Campaign to strengthen our trade mark and IP system

12th Oct 2022

We have launched a campaign to boost UK growth by strengthening the UK’s vital trade mark and IP system.

Growth chart

IP-rich industries provide 1 in 5 jobs across the country and contribute £770bn to the UK’s GDP each year. 

British innovators up and down the country rely on the UK’s world-class system to protect their big ideas so they can take them to the international stage and drive growth at home.  

However, our IP and trade mark system is being run down because we have allowed a system to develop whereby practitioners with little-to-no connection to the UK can represent clients here.  

Support our campaign and write to your MP. 

If you are a member, please log in to download our template letter.

Writing today to new Minister for Enterprise and Markets, Dean Russell MP, who is responsible for IP and Brexit opportunities, CITMA calls on the Government to look at amending the Retained EU Law (Revocation and Reform) Bill [‘Brexit Freedoms Bill’], currently progressing through Parliament, to make simple changes that will help achieve the growth the UK urgently needs.

We are asking that to represent someone other than yourself, or your business, at the UK IPO you must:

  • Be appropriately regulated with suitable insurance (which is the case for any person regulated under the Legal Services Act 2007); and
  • Be an appropriately qualified professional with knowledge of the UK system. 

By implementing these requirements we believe it will drive up standards, make the system easier to navigate and ensure there is a level playing field. 

CITMA President, Rachel Wilkinson-Duffy said: “The UK’s trade mark and IP system is second to none in the world. However, it is increasingly being clogged up by overseas trade mark practitioners who see the UK as a registration hub of convenience because of our loose rules. This is stifling innovation and growth in our economy and harming consumers.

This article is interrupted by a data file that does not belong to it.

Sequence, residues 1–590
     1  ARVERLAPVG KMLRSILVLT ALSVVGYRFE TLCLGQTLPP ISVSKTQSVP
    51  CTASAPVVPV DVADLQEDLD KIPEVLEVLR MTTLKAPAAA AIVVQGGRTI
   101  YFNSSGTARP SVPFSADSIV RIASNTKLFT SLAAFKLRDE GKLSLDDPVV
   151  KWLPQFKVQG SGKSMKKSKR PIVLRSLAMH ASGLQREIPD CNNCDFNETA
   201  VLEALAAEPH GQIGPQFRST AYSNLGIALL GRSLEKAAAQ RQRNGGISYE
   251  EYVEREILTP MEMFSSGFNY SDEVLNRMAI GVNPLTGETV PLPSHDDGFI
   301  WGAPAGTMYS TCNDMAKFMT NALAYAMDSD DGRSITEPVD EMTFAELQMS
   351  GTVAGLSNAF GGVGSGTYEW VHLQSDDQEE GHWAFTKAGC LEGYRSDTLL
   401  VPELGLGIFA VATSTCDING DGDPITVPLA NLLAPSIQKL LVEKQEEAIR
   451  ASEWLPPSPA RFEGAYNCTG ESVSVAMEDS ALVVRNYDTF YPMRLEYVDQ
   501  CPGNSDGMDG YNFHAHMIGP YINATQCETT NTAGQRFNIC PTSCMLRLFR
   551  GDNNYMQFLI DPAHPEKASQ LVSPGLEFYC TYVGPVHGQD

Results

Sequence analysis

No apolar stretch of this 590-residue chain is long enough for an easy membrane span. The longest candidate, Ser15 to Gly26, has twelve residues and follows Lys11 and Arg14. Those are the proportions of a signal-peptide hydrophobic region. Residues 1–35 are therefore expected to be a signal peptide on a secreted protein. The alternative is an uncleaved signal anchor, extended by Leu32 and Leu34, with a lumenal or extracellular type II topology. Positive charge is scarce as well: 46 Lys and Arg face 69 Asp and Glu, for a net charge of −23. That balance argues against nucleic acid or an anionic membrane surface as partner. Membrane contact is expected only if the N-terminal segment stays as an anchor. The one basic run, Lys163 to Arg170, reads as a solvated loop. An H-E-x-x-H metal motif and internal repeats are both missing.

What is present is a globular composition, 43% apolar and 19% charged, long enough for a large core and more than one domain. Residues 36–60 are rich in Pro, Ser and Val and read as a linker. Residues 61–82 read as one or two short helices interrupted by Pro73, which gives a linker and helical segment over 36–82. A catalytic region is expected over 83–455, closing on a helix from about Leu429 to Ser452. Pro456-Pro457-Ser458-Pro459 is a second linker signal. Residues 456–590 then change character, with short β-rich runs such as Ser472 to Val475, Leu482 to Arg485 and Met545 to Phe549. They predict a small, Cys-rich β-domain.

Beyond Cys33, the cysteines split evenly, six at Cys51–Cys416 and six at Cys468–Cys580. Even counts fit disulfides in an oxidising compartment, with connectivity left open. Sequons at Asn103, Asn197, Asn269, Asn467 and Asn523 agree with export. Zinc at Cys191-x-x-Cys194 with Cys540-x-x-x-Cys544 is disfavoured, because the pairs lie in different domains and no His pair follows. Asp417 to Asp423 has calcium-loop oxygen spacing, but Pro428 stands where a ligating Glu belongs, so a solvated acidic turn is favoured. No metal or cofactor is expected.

“The result is an uneven playing field whereby our main competitors insist on practitioners being properly qualified and regulated, as well as having a genuine place of business in their jurisdiction. We, on the other hand, only require a UK address for service, even if that’s just a PO Box or virtual office.

“We are urging the Government to change the rules by amending the Brexit Freedoms Bill to ensure that anyone who appears before the UK IPO is properly regulated and qualified with knowledge of the UK system. These simple changes will free our innovators from red tape and allow them to get on with creating world-class innovative products that will deliver the growth we so urgently need.”  

New research commissioned by CITMA reveals the extent of the problem: 

  • Foreign based attorneys/firms now account for 35% of firms in the Top 100 UK trade mark filers at the UK IPO compared to just 16% in 2019 before our departure from the European Union.
  • ‘Haiwai Consulting’ – a dormant company with one director, no employees and assets of £100 in their most recent filings at Companies House – filed 1,532 trade mark applications on behalf of its ‘clients’ in just six months in 2021. A remarkable achievement for a company that prior to 12 March 2021 had never filed a single UK trade mark application.

CITMA chief executive, Keven Bader, said: “It’s staggering that in just the last three years, the number of overseas practitioners in the top 100 trade mark filers at the UK IPO has more than doubled to 35%. Equally worrying is that some foreign firms can start deluging the system with thousands of applications out of the blue. 

“This results in unnecessary disputes and complications – meaning our own innovators are forced to spend time and money on legal paperwork rather than developing their products and selling them to the world.”

The consequences of so many foreign-based practitioners taking advantage of our lenient system are serious. Wilkinson-Duffy explains:

“Not only have we allowed an uneven playing field to emerge, but we are allowing unqualified and unregulated overseas practitioners to act for clients despite having little or no knowledge or understanding of our system.  

“In addition, when things go wrong, customers have no protection or redress against these overseas-based practitioners.

“The simple, cost-free solution we are calling on the Government to implement will fix these problems, and will help drive growth in our economy. I hope Ministers will listen.”